Health, Holidays Can be Good ‘Fit'

by Paul Gatling  on Friday, Dec. 7, 2012 8:33 am  

The idea that waistlines expand more during the holidays than any other time of year is, essentially, a myth.

In December 2000, the New England Journal of Medicine published the results of a study examining holiday weight gain. The study, which sampled an admittedly small group of just 195 adults, showed an average weight gain of 0.8 pounds during the six-week period from Thanksgiving through the New Year.

“There is weight gain, but it’s not what we think it is,” said Cindy Moore, a dietitian at the University of Arkansas, and director of the school’s didactic program in dietetics.

In spite of the NEJM findings, the holidays can be a challenging time for those conscious of their eating and fitness habits. From office parties, social occasions and family get-togethers, people are encouraged to indulge, and more opportunities for food and drink can lead to fewer opportunities for exercise.

Moore said a dietitian’s philosophy is always going to be that any food can fit into a healthy diet, so she stopped short of naming foods to avoid during the holidays. One Northwest Arkansas fitness expert took that insight a step further, saying that getting your money’s worth at the corporate holiday luncheon won’t harm a healthy lifestyle.

“It’s all a matter of perspective,” said Monty Mason, a Bentonville-based certified personal trainer with the National Academy of Sports Medicine. “It needs to be OK to have a regimented fitness and nutrition program, and not feel like you lose a little self-worth if you go off of it. You can eat what you want.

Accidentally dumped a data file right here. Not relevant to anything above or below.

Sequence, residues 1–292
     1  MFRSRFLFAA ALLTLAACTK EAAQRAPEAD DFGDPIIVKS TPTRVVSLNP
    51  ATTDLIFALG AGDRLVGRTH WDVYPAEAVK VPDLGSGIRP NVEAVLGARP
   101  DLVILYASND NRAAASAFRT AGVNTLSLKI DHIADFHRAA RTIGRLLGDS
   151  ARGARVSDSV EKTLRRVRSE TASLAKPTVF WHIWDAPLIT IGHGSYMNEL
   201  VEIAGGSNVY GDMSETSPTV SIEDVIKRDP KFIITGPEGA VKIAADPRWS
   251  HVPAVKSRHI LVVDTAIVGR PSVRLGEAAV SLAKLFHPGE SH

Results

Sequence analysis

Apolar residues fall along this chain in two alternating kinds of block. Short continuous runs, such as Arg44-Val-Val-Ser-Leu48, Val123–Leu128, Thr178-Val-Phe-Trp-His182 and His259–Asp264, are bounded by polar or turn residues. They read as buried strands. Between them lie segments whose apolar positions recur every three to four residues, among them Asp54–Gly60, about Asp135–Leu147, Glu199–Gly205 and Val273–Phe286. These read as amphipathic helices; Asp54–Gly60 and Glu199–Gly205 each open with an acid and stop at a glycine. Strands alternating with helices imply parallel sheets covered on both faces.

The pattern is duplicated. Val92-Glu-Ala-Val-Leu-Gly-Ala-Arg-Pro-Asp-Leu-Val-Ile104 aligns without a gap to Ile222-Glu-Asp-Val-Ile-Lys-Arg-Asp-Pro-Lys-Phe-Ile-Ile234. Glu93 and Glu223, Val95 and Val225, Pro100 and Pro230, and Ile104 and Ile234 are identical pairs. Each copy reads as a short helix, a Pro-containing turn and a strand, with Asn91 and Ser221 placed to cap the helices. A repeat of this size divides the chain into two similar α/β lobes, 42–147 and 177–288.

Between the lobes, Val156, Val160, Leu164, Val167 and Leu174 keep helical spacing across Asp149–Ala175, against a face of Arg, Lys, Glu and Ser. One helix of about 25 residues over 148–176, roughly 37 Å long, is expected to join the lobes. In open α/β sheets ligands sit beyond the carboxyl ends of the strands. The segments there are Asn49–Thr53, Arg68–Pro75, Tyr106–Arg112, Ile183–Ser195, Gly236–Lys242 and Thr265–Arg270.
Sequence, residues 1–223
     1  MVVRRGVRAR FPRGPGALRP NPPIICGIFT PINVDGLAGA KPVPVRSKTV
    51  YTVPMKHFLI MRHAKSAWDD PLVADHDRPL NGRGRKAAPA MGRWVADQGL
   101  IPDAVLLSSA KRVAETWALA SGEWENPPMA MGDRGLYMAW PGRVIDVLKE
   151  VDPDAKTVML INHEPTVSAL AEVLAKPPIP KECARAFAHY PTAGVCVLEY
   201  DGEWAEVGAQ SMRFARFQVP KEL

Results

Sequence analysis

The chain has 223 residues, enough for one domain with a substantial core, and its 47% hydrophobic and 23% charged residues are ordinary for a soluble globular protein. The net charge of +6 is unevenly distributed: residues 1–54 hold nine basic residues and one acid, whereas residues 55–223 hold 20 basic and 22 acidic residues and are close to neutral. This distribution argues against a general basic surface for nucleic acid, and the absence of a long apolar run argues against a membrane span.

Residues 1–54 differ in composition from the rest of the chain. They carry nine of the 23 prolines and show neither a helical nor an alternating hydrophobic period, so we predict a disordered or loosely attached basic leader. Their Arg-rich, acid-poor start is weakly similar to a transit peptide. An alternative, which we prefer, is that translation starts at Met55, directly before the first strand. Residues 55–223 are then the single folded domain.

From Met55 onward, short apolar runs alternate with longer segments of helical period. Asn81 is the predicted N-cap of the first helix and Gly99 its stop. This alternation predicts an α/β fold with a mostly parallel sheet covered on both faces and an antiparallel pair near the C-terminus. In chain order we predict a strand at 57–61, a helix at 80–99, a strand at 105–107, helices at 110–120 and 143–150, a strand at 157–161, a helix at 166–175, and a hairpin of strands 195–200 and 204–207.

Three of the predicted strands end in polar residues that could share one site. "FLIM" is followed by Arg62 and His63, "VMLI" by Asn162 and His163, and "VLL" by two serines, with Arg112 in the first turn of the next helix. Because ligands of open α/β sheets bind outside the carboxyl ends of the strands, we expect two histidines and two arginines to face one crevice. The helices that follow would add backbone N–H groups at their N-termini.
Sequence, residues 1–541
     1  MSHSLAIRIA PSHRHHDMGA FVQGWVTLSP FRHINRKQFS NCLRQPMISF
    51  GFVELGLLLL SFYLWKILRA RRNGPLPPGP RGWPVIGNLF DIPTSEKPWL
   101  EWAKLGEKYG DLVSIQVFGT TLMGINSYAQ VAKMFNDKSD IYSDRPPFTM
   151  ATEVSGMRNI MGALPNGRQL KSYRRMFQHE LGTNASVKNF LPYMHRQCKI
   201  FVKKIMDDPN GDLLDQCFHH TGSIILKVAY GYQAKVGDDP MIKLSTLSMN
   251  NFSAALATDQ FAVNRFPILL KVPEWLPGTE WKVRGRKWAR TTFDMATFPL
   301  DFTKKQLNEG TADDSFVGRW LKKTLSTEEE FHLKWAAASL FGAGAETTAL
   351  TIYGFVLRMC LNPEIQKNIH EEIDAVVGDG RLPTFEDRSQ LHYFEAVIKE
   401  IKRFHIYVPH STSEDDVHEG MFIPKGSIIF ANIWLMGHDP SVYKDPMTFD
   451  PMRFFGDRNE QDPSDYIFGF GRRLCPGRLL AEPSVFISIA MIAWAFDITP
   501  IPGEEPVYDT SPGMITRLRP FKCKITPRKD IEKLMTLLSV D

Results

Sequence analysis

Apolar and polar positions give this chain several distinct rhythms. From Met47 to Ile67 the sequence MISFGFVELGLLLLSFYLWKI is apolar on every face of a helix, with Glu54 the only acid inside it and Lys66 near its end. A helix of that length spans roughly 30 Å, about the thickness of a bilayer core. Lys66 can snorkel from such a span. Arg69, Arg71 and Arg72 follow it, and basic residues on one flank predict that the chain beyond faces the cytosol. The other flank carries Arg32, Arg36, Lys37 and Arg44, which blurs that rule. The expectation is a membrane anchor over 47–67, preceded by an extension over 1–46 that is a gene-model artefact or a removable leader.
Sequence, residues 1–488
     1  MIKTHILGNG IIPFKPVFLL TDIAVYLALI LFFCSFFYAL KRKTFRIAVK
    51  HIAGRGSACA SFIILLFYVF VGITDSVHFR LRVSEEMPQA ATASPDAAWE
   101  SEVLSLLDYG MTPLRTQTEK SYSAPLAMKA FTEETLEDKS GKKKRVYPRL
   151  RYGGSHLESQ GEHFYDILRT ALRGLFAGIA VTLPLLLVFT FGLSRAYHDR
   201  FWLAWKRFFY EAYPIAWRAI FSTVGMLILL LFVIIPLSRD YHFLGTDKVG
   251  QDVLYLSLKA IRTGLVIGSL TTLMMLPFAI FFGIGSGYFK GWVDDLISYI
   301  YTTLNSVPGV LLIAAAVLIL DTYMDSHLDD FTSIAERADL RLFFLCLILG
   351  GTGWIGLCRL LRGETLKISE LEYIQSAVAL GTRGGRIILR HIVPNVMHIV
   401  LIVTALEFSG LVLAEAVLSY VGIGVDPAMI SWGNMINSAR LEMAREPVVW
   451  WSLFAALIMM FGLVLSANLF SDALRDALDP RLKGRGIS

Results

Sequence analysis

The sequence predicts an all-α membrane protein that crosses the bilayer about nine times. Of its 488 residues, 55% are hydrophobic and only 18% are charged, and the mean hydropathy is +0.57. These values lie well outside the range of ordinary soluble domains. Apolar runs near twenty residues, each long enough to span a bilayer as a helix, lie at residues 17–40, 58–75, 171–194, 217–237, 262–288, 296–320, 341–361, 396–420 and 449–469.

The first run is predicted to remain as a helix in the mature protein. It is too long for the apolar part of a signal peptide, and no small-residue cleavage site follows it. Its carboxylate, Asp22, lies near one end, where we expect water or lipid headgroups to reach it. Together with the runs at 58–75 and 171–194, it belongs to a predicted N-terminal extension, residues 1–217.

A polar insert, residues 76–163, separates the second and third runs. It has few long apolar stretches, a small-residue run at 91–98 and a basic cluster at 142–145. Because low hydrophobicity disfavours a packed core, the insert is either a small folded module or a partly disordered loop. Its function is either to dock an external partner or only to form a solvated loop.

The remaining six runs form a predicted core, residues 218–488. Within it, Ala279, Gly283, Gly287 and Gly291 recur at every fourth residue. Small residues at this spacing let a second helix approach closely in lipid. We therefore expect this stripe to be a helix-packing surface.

“But a lot of the people I see are what I like to call going from ditch to ditch. It’s either all health kick or all binging on chocolate cake. And that’s not what you want.”

Mason is the owner and operator of CryBox Private Fitness Studio in Bentonville. The business opened in March with a specific clientele in mind — time-constrained business professionals.

“You can get in shape and not spend six or eight hours a week to do it,” he said.

Mason, a Bald Knob native, spent 24 years as a business professional before beginning his second career. He worked in logistics and distribution for Wal-Mart Stores Inc., retiring in 2008 as senior director of pharmacy logistics.

Toward the end of his time with Wal-Mart, he began digging into the study of physical fitness, with an eye on the next chapter of his life.

“I liked the science of fitness so I really started to get into it,” he said.

 

 

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